The process by which you apply to become a citizen of the United States is called Naturalization. Five years after becoming a permanent resident you may apply to become a citizen of the United States.
This time period is only three years, if you are married to living with your United States citizen, spouse during those three years.
You should consult with an experienced immigration attorney before beginning the naturalization process. An immigration attorney can aid you in the process, by helping you to complete the application, which is over 20 pages long, preparing you for your naturalization interview, and attending the naturalization interview with you.
Once you apply for citizenship you will be schedule for an interview at the local United States Citizenship and Immigration Services office. During your naturalization interview to become a US citizen, a USCIS Officer will ask you questions about your application and background. You will also take an English and civics test. The English test has three components: reading, writing, and speaking. The civics test covers important U.S. history and government topics. USCIS on their website offer study materials in both English and Spanish to prepare for your interview.
If you do not pass one or both of the tests the first time you have two opportunities to take the English and Civics tests per application. If you fail any portion of the test during your first interview, you will be retested on the portion of the test that you failed between 60 and 90 days from the date of your initial interview. If you are scheduled for a second interview you will only be tested on the parts you did not pass, you will not have to retake the parts of the test that you did pass.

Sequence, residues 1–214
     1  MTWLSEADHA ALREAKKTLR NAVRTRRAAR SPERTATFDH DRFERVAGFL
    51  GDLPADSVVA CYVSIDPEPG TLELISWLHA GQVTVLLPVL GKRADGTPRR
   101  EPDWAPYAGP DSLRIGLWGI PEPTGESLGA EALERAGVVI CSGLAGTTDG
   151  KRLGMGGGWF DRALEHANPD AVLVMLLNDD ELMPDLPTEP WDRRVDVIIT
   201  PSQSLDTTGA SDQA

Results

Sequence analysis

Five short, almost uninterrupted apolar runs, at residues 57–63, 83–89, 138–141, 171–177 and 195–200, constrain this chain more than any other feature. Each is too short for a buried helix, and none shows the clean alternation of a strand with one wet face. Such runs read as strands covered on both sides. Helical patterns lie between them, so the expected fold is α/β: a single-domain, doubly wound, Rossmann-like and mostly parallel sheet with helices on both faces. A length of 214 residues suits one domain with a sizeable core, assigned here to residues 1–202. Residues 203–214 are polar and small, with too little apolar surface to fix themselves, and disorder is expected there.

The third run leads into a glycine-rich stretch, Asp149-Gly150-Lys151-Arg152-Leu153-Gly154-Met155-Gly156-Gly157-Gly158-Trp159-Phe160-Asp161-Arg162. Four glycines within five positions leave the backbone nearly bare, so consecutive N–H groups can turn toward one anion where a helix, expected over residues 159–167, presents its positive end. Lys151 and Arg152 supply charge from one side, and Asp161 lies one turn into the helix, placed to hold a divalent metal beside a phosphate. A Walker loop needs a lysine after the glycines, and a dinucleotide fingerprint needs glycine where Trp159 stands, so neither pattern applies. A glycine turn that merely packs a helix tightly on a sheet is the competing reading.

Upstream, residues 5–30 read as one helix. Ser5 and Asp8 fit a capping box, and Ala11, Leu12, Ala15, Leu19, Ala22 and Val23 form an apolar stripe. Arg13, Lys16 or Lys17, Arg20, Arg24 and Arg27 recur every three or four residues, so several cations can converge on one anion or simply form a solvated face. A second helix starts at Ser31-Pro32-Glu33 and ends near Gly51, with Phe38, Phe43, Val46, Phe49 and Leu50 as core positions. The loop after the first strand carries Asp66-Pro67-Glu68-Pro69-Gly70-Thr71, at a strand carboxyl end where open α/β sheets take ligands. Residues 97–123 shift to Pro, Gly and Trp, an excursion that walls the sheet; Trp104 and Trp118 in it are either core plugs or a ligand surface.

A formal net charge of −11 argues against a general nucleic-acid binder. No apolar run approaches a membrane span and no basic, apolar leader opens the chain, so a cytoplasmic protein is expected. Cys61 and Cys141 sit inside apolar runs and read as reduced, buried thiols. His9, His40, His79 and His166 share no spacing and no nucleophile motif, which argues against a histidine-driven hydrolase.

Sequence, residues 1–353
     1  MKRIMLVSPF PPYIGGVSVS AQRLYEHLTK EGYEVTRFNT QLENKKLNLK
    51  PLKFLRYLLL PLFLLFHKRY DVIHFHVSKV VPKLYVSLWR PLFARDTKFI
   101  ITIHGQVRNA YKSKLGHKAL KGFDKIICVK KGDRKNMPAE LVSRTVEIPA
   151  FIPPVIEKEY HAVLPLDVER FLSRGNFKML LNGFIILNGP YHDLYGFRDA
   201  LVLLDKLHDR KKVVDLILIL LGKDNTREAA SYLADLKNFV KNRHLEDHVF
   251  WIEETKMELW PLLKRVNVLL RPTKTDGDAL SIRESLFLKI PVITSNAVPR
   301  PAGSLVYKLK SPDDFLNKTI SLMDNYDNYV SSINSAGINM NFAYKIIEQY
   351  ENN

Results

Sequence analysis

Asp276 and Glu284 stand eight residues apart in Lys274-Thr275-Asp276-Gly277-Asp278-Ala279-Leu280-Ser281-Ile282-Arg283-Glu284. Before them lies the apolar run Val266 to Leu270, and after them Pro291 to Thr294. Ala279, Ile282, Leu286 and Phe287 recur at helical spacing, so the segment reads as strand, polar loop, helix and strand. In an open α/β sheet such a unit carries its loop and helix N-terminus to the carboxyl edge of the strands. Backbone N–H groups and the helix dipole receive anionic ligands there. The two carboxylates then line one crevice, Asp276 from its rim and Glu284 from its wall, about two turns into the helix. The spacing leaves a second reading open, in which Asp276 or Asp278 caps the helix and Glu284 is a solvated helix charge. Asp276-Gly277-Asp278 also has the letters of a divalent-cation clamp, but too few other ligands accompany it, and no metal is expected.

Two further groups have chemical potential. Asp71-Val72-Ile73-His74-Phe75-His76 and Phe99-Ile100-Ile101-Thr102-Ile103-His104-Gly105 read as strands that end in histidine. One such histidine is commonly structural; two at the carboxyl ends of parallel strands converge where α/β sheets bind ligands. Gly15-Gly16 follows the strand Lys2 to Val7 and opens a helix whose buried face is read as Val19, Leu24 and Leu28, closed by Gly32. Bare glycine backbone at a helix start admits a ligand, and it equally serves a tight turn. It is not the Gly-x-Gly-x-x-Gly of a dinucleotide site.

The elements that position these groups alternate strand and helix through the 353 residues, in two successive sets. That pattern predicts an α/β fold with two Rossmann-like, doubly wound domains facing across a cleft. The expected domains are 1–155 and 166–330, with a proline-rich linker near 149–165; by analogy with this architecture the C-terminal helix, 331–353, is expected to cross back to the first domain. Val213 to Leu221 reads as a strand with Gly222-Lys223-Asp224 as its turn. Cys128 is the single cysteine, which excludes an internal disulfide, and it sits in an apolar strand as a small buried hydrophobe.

You may be exempt from some sections of the naturalization test, or you may qualify to take the civics and history test in your native language. You are exempt from the English language requirement, but still required to take the civics test in your native language if you are:
Age 50 or older at the time of filing for naturalization and have lived as a permanent resident (green card holder) in the United States for 20 years.
Age 55 or older at the time of filing for naturalization and have lived as a permanent resident in the United States for 15 years.
If you are age 65 or older and have been a permanent resident for at least 20 years at the time of filing for naturalization, you are not only exempt from the English language requirement, but will be asked ten questions from a shorter list of civics and history questions.
If you qualify to be interviewed in your native language, you are required to bring a qualified interpreter with you to your naturalization interview.
Always consultwith anexperienced immigration attorney who is a law graduate and certified in the United States of America by the Board of Immigration Appeals Federal Department of Justice. Consult with The State Bar of Texas.
When you consult with an immigration attorney it is important that you are able to speak with an actual attorney. No one besides an attorney is able to give you legal advice, even an attorney’s assistant cannot give you legal advice, you must speak with an actual licensed attorney. You must also be able to understand the attorney. The attorney must either speak a language you understand or have a competent interpreter that will allow you to understand what the attorney is saying. If you cannot communicate with the attorney they will not be able to provide you safe advice. Never hire an attorney that you have not spoken with.
Speaking with an experienced and skilled immigration attorney is the first step when dealing with any immigration issue. An experienced attorney authorized to practice immigration law in Dallas, throughout Texas, and in all fifty states can assure that your case moves forward as quickly as possible and is handled correctly.